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Re: Fw: Stop Your Whining Already! Re: Satellite FIeld Day!



At 09:11 AM 7/6/2000 -0400, Glenn Little wrote:
>...then the big gun comes on to monopolize the satellite with enough power
>to fully caopture the bird from the one attempting a contact with lower
>power.  I think that the FCC rules still state...

Nonsense.

FM transponders fundamentally only let one guy in at a time, and the 
physics dictates that its the guy with the highest signal level.  Even if 
everyone were working with exactly the same EIRP, distance differences 
would still produce tremendous power level differences at the satellite, 
and at any given time one station would still have a substantial signal 
level advantage over another.

FM transponders simply aren't designed to let a lot of people communicate 
at once.  Therefore, they aren't much good in an emergency, and aren't easy 
to use in a contest.  If you expected something else, you had incorrect 
expectations.

You and others have been piling on complaining about "big gun" stations, 
claiming that they ran hugely excess power, but I contend that you have no 
way to determine how much power they were running, or to what degree it was 
in excess.  That's the nature of an FM transponder.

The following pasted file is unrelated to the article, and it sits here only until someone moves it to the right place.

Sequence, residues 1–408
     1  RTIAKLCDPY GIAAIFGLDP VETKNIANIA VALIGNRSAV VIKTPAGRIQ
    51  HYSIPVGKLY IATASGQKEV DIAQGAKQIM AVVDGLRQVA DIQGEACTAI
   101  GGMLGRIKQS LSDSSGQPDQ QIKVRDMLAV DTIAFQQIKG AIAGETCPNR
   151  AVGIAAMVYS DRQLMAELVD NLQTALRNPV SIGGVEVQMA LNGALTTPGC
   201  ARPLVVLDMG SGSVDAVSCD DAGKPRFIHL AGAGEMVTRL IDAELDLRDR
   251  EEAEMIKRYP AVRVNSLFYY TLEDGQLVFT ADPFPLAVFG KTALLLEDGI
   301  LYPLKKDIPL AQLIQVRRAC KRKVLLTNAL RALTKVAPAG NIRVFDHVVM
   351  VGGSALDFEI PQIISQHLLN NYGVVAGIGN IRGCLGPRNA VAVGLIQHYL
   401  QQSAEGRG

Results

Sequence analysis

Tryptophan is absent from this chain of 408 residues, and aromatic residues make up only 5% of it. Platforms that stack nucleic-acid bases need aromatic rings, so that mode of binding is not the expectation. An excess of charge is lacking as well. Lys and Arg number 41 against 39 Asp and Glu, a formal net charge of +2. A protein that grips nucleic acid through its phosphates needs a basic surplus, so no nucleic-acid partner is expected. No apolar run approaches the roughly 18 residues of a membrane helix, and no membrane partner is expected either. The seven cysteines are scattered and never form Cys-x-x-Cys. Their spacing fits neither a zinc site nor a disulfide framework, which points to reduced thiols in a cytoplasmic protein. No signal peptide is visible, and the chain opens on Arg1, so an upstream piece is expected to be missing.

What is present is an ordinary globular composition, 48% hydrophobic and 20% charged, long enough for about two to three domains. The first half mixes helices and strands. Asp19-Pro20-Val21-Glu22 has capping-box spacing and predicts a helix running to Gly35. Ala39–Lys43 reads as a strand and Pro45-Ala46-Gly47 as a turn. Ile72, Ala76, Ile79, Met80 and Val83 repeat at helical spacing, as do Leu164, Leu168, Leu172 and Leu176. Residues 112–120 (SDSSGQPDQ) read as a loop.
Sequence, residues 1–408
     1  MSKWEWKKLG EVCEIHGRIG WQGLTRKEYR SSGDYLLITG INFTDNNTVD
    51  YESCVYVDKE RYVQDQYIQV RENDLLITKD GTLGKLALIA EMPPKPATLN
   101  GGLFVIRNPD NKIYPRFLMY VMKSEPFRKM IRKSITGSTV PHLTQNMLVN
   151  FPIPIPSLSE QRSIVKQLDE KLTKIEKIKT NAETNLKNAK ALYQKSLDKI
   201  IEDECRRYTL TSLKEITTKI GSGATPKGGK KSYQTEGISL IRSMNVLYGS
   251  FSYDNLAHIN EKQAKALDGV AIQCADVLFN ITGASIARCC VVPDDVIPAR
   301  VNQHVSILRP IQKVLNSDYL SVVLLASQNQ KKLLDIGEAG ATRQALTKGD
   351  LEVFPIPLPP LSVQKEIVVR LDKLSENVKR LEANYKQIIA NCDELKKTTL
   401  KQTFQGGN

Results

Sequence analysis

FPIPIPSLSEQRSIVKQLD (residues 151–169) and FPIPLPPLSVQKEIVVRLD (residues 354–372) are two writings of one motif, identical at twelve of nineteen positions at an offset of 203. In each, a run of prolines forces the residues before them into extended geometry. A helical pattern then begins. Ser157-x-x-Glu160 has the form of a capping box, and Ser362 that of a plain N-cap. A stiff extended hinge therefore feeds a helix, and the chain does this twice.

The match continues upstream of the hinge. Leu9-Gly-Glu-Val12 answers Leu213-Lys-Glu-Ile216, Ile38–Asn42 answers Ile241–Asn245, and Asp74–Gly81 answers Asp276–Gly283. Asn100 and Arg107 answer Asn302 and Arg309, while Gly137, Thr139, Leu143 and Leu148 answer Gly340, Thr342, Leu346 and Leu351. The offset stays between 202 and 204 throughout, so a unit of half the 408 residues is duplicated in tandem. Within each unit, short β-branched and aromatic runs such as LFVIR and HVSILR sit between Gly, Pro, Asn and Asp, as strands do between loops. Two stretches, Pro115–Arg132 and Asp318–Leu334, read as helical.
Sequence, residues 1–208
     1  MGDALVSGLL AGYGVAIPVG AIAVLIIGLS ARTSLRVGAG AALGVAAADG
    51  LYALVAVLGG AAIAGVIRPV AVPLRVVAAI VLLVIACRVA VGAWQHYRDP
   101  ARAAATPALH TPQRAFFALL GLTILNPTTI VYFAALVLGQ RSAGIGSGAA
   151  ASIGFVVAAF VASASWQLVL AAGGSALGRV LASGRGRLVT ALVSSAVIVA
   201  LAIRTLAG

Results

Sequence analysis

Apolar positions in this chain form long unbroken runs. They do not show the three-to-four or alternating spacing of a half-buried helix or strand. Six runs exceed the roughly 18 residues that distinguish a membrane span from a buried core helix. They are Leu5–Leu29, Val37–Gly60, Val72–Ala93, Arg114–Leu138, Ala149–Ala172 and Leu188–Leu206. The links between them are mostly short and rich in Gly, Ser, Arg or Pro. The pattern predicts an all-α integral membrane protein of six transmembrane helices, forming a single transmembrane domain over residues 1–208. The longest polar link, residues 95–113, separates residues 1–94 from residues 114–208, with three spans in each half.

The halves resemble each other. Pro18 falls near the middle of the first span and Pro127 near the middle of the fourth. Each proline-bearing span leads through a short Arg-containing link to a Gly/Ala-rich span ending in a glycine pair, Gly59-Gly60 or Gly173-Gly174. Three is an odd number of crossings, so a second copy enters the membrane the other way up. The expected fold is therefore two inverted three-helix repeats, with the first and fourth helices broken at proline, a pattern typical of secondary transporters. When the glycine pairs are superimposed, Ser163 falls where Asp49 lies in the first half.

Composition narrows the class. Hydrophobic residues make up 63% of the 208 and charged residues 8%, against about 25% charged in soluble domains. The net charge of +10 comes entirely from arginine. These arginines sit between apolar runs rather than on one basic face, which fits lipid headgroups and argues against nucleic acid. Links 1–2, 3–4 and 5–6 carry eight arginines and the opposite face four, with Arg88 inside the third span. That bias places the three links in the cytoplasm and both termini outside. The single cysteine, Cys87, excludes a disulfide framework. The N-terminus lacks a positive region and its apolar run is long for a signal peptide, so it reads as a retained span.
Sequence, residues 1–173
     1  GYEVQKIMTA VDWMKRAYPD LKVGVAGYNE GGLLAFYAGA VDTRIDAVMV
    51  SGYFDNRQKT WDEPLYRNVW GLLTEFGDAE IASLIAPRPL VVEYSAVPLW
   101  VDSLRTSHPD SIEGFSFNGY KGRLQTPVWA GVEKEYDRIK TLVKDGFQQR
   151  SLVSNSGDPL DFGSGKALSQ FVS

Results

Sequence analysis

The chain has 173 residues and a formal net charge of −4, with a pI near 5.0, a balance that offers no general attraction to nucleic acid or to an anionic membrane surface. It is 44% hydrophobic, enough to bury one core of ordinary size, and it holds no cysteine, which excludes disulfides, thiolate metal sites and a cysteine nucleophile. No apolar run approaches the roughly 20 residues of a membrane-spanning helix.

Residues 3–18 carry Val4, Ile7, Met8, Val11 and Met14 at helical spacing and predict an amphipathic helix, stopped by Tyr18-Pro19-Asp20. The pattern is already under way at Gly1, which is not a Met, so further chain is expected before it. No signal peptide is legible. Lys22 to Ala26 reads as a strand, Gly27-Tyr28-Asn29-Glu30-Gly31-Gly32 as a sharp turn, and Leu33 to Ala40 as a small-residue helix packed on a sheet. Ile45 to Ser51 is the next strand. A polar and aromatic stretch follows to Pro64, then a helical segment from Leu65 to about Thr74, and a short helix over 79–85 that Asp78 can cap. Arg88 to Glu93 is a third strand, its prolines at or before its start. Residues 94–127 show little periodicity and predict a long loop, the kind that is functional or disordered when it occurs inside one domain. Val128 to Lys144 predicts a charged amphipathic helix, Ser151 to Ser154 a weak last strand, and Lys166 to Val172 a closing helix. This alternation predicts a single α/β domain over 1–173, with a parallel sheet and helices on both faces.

I suggest that next field day you consider the nature of the satellite you 
are trying to use.  If you want to use a transponder that is designed to be 
shared by a large number of people, then choose a satellite with a linear 
transponder instead of an FM one.

I also suggest that in a real emergency you need margin against unforseen 
circumstances and the bedlam created by the real emergency and in a contest 
you need margin against the bedlam created by competition.  In that sense, 
the contest accurately simulates difficult emergency conditions.  Sounds 
like you just weren't up to the challenge.

It is also important to understand that a contest is "a contest".  That 
means you try to get more points than other folks.  If you want polite 
operating conditions, you might want to operate on a different day.  If 
you're sailing in the America's cup, expect to have the other boat cut 
between you and the wind.  They call that strategy.  Similarly, I can't 
fault someone for following the rules and trying to get as many contacts 
(ie points) as possible on field day.

Someone suggested a rule change to limit the number of points one could get 
on an FM satellite.  I think that's a reasonable idea.  Of course, in a 
real emergency, there won't be any such "rules".


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